Egypt’s Red Sea governorate decided to ban single-use plastics in food shops, restaurants, supermarkets, grocery stores, and pharmacies starting from June.
The resolution aims to protect wildlife and marine life and to conserve endangered species, all of which have been severely affected by plastic due to ingestion, poisoning or suffocation.
Plastic knives and forks, cups, and straws will also be banned in restaurants and on cruise ships within the governorate, but heavy garbage collection bags are not included in the ban. Also, the governorate will also stop licencing factories to make thin plastic bags.
Plastic pollution has become an epidemic which threatens our environment and cause serious dangers to marine biology. In its celebration of World Environment Day 2018, the United Nations Environment Programme (UNEP) illustrated that every year, we throw away enough plastic to circle the Earth four times.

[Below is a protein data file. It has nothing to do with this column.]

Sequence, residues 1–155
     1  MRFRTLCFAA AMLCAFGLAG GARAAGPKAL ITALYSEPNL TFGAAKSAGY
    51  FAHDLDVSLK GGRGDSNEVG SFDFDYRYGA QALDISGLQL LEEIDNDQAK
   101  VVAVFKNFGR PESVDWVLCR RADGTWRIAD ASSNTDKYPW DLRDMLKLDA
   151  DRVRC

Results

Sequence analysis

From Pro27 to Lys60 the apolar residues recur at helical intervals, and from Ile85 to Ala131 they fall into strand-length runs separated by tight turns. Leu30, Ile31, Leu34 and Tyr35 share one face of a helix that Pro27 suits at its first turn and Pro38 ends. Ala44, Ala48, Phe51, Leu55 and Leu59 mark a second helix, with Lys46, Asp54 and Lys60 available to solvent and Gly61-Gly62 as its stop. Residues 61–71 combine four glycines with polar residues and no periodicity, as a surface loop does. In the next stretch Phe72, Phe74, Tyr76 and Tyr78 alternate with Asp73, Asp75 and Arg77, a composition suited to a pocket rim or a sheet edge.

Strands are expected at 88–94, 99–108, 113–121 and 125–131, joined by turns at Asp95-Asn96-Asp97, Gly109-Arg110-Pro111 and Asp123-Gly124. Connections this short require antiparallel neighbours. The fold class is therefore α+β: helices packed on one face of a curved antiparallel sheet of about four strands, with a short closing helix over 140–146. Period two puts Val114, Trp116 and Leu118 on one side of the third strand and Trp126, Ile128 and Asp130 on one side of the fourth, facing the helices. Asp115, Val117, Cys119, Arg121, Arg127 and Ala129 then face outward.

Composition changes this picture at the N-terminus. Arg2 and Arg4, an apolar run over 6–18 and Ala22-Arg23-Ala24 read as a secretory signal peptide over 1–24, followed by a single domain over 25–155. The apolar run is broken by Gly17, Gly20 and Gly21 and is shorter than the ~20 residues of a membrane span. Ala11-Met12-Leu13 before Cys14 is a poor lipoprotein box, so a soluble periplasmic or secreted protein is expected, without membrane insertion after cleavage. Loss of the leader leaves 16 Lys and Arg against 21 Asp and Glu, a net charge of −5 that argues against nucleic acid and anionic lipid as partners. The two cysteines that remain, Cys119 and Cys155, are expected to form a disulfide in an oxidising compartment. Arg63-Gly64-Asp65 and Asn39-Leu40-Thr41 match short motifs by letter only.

Much of that plastic waste ends up in oceans, where it is responsible for killing 1m seabirds and 100,000 marine mammals every year, according to the UNEP. Enormous quantities of plastic particles can be found in the water in virtually every sea and river. It harms marine life by the tiny plastic particles floating in the water. One other problem happens when fish, seabirds, or marine mammals mistake the particles for food and consume them, and the fish could then be consumed by humans.
The Egyptian Ministry of Environment launched an EU-funded initiative called ‘Enough Plastic Bags’ in 2017, to eliminate the country’s dependency on plastic bags, due to their negative effects on the environment and the economy.
Egypt’s waste output is 16.2m tonnes annually, of which plastic represents 6%, according to the Egyptian Plastic Technology Centre, which is affiliated with the Ministry of Trade and Industry.